- Journal Archives
- Volume 16
- Volume 15
- Volume 14
- Volume 13
- Volume 12
- Volume 11
- Volume 10
- Volume 9
- Volume 8
- Volume 7
- Volume 6
- Volume 5
- Volume 4
- Volume 3
- Volume 2
- Volume 1
Swedish officials arrest three for suspected copyright infringement due to use of massive piracy servers.
HTC issues Cease & Desist Order to hackers for cooked ROM and fraudulent use of its intellectual property.
IBM’s Supercomputer, “Watson,” to compete against humans on Jeopardy! for the intellectual title.
FCC votes three to two to expand its role in the regulation broadband Internet service.
John Lennon’s lyrics to “Day in the Life” go for $1.2 million at Sotheby’s auction house.
West Virginia Appeals Court grants new trial based in part on undisclosed MySpace friendship.
NPR spokeswoman states Internet radio won’t kill the radio star.
Mark Zuckerberg, founder of Facebook, reveals privacy issues raised by sharing information, and how to avoid them.
“Toy Story 3″ raises contract interpretation issues in the context of movie sequels.
Producers of “Burn Notice” sued for property damage caused by production explosions.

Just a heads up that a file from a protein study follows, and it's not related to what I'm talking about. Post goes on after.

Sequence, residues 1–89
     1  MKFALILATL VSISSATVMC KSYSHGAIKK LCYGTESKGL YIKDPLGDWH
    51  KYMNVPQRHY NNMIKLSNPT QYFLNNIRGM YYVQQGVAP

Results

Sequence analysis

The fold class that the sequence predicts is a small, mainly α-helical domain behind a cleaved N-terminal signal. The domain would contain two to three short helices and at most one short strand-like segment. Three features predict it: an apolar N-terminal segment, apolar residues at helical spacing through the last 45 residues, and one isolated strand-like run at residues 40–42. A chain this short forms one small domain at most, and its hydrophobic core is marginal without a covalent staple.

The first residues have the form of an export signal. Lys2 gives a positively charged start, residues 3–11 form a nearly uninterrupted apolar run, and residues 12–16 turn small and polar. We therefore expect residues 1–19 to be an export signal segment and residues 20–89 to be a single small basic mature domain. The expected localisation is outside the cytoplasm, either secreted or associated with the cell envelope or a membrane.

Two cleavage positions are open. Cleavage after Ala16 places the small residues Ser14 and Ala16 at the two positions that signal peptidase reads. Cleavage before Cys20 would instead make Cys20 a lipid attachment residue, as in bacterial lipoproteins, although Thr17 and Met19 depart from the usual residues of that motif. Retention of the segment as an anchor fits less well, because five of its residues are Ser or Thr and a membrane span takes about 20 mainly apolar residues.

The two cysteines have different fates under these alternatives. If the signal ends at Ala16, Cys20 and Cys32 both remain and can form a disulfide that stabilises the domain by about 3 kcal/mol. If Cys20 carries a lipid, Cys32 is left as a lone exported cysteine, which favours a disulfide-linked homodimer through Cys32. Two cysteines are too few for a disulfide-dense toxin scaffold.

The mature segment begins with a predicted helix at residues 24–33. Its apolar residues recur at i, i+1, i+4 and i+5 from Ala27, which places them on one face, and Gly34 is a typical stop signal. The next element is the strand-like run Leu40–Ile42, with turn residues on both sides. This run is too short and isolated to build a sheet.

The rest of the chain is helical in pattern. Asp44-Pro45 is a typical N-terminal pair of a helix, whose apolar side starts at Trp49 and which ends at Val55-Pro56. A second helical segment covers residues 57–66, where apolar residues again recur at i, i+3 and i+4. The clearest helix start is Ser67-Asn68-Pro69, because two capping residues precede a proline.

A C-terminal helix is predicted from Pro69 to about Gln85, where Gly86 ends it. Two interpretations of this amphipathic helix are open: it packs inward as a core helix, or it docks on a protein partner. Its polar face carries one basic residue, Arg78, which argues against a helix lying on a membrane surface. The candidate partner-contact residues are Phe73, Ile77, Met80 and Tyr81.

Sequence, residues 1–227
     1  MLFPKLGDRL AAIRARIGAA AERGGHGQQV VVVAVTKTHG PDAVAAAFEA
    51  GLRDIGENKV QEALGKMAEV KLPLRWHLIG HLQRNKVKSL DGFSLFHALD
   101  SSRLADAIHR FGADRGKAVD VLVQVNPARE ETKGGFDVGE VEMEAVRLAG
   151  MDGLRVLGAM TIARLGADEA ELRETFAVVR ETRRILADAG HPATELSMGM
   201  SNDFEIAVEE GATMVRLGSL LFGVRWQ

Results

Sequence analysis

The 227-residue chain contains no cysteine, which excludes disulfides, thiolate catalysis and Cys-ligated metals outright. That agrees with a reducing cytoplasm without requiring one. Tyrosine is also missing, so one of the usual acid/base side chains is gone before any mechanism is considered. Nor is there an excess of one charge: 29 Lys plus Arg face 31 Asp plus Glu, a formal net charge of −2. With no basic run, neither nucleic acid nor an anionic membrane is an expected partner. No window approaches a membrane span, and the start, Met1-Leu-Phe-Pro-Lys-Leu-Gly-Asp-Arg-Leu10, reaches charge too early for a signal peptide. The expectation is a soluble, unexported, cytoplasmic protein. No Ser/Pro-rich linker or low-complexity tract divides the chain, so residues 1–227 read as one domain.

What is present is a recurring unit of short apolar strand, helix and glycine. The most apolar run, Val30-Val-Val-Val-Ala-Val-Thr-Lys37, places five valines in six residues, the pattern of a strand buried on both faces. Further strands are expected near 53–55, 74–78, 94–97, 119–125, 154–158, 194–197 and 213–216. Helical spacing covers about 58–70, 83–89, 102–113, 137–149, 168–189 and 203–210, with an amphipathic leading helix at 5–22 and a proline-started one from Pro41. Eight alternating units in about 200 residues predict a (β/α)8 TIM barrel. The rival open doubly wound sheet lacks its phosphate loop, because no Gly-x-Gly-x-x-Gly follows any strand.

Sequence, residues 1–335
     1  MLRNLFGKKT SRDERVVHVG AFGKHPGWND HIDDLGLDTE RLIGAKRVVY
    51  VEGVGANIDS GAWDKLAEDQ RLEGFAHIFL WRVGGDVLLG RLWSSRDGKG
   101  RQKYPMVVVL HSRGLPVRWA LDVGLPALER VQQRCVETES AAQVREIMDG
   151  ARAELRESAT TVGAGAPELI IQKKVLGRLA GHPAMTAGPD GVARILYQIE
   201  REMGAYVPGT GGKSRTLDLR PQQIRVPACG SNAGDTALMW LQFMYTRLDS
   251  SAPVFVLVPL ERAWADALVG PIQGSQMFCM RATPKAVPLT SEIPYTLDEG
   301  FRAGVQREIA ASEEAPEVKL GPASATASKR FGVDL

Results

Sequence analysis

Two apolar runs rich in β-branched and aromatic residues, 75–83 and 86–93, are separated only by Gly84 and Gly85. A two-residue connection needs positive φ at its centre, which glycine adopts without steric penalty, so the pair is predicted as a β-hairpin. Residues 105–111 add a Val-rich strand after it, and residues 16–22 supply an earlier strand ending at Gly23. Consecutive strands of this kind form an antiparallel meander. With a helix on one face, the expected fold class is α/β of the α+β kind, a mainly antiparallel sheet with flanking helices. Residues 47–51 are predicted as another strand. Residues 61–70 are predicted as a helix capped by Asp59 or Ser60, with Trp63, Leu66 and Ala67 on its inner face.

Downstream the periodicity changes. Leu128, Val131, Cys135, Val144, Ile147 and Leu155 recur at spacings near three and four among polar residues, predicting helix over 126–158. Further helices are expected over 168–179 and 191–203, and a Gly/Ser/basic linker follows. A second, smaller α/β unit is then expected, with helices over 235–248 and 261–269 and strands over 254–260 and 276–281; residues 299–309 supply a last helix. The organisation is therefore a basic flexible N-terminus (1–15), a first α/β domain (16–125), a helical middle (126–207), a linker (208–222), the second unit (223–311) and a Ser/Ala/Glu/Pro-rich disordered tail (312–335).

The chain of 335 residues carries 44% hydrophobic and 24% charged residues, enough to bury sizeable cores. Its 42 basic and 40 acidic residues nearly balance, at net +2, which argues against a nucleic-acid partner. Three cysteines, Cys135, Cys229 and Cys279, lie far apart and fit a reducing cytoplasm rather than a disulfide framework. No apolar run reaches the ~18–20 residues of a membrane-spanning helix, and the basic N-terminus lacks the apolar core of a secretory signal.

Tagged with: advertising • broadband • Burn Notice • career • Cease & Desist • celebrities • contract • contracts • copyright • copyright infringement • courts • creative content • criminal law • Day in the Life • energy • entertainment • Facebook • FCC • film/television • financial • games • government • HTC • IBM • intellectual property • internet • Jeopardy • JETLaw • John Lennon • journalism • lawsuits • legislation • Mark Zuckerberg • media • medicine • music • MySpace • NPR • patents • piracy • privacy • progress • property • publicity rights • radio • ROM • servers • social networking • Sotheby's • Sweden • technology • telecommunications • Toy Story 3 • trademarks • U.S. Constitution • Watson
Recent Blog Posts
- Controlling the Uncontrollable: UK Taking the Driver’s Seat in Driverless Car Technology
- Obama’s Cybersecurity Executive Order: Private Sector Must Help Police the “Wild West”
- Qualcomm Settlement May Reconfigure the Smartphone Market in China
- Who Rightfully Owns the Village People’s YMCA?
- Internet Elections Regulation: Another Pie in the Partisan Food Fight?
- Great Artists Steal? A Music Theory Thought Experiment & a Worry about the Litigation of Popular Music
Tagsadvertising antitrust Apple books career celebrities contracts copyright copyright infringement courts creative content criminal law entertainment Facebook FCC film/television financial First Amendment games Google government intellectual property internet JETLaw journalism lawsuits legislation media medicine Monday Morning JETLawg music NFL patents privacy progress publicity rights radio social networking sports Supreme Court of the United States (SCOTUS) technology telecommunications trademarks Twitter U.S. Constitution